Driver Knowledge Tests

New Zealand forces cars to have ESC, follows Australia

Many cars allow you to turn off ESC and its suite of electronics for certain driving situations, e.g. getting out of snow or mud where it might be desirable to have wheelspin

Many cars allow you to turn off ESC and its suite of electronics for certain driving situations, e.g. getting out of snow or mud where it might be desirable to have wheelspin

Electronic Stability Control is a set of electronics that works to determine if a car is skidding. If it detects loss of control it selectively applies the brakes on each wheel to bring the vehicle back into a straight line. Having tested a car with ESC on a skid pan, I can verify that it is nigh on impossible to spin. As soon as you get the slightest bit of sideways action the vehicle intervenes and aligns itself to wherever you are pointing the steering wheel.

Because ESC is so good (it’s said to reduce accident rates due to loss of control by around 30%) the New Zealand government has mandated that all new imports into the country as of July 1, 2015 must be fitted with ESC. Used class MC vehicles (all-wheel drive SUVs and off-road vehicles) must comply by January 1, 2016, used class MA (passenger cars with engines greater than 2 litres by January 1, 2018 and all other used light passenger and goods vehicles by January 1, 2020.

We already have some of the strictest regulations about what can be imported and our cars (especially luxury ones) are an order of magnitude more expensive than places like New Zealand. Recently, concern has arisen regarding a recommendation that some of these restrictions should be lifted.

Australia has mandated ESC on all new cars since January 2011, allowing manufacturers to run out their model lines through to November 2013. Now all new cars must have it. The current restriction only applies to passenger vehicles; light commercial vehicles are exempt until November 1, 2015.

ESC is the generic acronym, but the feature itself is called different things by different manufacturers, for example:

  • ESP  – Electronic Stability Program (Audi, Bentley, Bugatti, Chery, Chrysler, Citroen, Dodge, Daimler, Fiat, Ford, Holden, Hyundai, Jeep, Kia, Lamborghini, Mercedes-Benz, Peugeot, Renault, Skoda, Suzuki and Volkswagen)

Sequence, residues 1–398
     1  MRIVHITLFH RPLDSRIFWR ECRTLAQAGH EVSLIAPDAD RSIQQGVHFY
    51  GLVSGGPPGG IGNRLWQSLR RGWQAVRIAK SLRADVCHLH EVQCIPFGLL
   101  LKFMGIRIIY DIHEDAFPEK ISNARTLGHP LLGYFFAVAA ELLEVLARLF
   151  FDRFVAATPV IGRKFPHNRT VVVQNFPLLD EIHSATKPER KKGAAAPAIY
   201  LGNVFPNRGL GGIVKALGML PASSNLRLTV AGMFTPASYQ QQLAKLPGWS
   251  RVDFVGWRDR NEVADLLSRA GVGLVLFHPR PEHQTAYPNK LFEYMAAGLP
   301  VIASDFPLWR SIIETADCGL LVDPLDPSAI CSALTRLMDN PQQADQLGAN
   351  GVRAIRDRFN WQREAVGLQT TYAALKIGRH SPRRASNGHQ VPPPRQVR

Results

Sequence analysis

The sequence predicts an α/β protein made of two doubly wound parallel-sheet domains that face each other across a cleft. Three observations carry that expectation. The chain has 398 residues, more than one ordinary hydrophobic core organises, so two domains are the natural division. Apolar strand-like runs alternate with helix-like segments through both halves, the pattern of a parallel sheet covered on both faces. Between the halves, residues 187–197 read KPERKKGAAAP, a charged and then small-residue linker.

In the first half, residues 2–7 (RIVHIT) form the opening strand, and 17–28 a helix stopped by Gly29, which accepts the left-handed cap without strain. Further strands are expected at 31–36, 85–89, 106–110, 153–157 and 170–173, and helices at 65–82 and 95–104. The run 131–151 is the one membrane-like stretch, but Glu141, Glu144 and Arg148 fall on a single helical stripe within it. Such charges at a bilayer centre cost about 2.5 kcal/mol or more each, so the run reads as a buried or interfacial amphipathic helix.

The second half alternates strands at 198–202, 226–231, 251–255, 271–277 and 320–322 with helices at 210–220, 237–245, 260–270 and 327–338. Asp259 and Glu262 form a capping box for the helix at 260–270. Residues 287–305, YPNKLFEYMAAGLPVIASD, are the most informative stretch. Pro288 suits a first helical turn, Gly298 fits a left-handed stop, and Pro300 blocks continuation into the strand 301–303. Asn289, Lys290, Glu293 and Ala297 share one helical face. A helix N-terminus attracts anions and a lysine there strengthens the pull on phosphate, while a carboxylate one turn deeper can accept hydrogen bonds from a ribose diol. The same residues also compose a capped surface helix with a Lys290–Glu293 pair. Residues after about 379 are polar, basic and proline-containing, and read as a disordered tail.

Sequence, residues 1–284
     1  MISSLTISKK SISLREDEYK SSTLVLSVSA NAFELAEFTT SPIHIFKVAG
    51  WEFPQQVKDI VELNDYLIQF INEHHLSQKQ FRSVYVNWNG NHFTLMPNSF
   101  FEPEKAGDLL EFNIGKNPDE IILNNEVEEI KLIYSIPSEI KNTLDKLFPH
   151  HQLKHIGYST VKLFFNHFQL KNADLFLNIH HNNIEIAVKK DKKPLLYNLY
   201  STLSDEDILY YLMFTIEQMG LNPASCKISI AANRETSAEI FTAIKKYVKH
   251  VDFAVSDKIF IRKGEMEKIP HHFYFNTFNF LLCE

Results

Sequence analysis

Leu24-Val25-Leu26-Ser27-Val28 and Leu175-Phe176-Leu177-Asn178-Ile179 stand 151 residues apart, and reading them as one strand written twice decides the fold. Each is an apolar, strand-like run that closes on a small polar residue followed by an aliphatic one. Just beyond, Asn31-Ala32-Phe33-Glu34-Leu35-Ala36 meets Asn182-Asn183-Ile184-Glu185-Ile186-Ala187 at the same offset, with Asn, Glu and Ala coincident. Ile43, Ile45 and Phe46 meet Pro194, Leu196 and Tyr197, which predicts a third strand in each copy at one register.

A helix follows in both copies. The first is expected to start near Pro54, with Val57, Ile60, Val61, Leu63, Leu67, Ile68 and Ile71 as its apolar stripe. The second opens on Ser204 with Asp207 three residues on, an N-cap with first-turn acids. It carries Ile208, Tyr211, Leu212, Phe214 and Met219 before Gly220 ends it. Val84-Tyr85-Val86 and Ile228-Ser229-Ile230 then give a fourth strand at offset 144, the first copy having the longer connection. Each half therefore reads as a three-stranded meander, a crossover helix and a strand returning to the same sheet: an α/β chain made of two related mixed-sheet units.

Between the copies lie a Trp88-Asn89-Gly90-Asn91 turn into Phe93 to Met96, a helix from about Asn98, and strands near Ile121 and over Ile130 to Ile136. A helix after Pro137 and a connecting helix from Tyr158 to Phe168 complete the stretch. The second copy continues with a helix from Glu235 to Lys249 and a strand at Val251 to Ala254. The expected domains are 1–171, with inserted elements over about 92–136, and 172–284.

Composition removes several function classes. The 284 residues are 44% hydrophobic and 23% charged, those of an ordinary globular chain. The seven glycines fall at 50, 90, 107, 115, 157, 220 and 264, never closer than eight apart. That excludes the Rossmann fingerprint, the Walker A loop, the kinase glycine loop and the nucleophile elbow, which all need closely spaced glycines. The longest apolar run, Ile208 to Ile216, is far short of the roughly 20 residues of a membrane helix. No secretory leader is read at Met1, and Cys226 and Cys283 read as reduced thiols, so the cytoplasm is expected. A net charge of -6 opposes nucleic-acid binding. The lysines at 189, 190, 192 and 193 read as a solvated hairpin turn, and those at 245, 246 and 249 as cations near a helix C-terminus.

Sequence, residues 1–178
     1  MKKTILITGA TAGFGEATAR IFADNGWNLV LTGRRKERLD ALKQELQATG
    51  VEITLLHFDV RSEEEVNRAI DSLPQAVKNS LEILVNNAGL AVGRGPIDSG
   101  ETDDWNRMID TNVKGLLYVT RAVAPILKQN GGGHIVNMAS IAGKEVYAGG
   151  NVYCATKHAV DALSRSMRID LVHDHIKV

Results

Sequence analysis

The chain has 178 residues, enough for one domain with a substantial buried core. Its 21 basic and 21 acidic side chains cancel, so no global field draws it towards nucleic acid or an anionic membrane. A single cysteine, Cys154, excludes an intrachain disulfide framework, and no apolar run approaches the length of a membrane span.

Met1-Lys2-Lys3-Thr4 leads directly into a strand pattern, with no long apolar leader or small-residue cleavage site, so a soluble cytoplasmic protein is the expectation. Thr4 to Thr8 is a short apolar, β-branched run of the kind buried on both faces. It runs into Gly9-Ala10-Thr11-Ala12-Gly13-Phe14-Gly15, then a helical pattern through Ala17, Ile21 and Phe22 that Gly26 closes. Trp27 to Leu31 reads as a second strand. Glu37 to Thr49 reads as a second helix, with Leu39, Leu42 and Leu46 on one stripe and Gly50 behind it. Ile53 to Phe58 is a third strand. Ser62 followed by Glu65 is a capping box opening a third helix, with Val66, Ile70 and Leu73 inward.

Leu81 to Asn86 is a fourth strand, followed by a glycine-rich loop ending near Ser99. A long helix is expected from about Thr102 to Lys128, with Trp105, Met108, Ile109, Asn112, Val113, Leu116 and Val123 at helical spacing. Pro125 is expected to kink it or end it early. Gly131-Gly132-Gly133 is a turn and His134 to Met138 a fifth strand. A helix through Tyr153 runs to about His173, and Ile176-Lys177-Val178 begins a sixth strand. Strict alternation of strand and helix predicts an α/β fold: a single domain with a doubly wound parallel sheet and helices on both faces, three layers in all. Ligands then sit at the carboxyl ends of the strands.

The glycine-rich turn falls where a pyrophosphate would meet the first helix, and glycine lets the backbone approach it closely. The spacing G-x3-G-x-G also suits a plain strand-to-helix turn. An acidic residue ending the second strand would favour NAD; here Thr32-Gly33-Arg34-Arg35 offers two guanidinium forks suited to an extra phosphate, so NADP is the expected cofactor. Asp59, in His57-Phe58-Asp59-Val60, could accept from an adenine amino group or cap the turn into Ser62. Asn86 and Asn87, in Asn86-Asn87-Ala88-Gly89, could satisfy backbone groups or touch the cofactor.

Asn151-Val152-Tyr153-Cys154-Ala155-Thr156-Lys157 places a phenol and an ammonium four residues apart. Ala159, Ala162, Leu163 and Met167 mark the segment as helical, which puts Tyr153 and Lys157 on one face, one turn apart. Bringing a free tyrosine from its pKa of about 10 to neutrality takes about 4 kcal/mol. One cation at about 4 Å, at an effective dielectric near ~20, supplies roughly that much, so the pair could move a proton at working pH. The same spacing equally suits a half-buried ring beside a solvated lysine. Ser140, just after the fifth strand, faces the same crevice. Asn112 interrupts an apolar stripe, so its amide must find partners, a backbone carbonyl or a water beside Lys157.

• VDC – Vehicle Dynamic Control (Alfa Romeo, Nissan, and Subaru)
  • VSA – Vehicle Stability Assist (Honda and  Hyundai)
  • DSC – Dynamic Stability Control (Ford, Jaguar, Mazda and Mini)
  • PSM – Porsche Stability Management (Porsche)

There are others, too. The majority of cars new cars worldwide already come with a version of ESC. In fact, all cars built in Europe have had to have ESC installed since November 1, 2011. Most Japanese and Korean cars already do. It’s really only the base models, some Chinese brands like Chery and some utes that lack ESC. By 2020, the lower-mid-range car bought now will be six years old and worth pretty much nothing – it’ll be the perfect first car for a new driver and chances are it will have ESC, and if not, it’ll have anti-lock brakes, and probably electronic brakeforce distribution.

The legislation will possibly increase competition for secondhand cars that are priced where the base model cars are priced because people that perhaps would purchase a base model car will now be forced to look for a slightly older model that has ESC.

However, concerns about pricing were mooted when New Zealand changed its laws several years ago so that vehicles over a certain age couldn’t be imported. This was to encourage better frontal impact standards and exhaust emissions.

Vehicles over 25 years old are considered classic vehicles and will be able to be imported, as will specialist vehicles under New Zealand’s Low Volume Vehicle Technical Association.

Darren is an expert on driving and transport, and is a member of the Institute of Advanced Motorists

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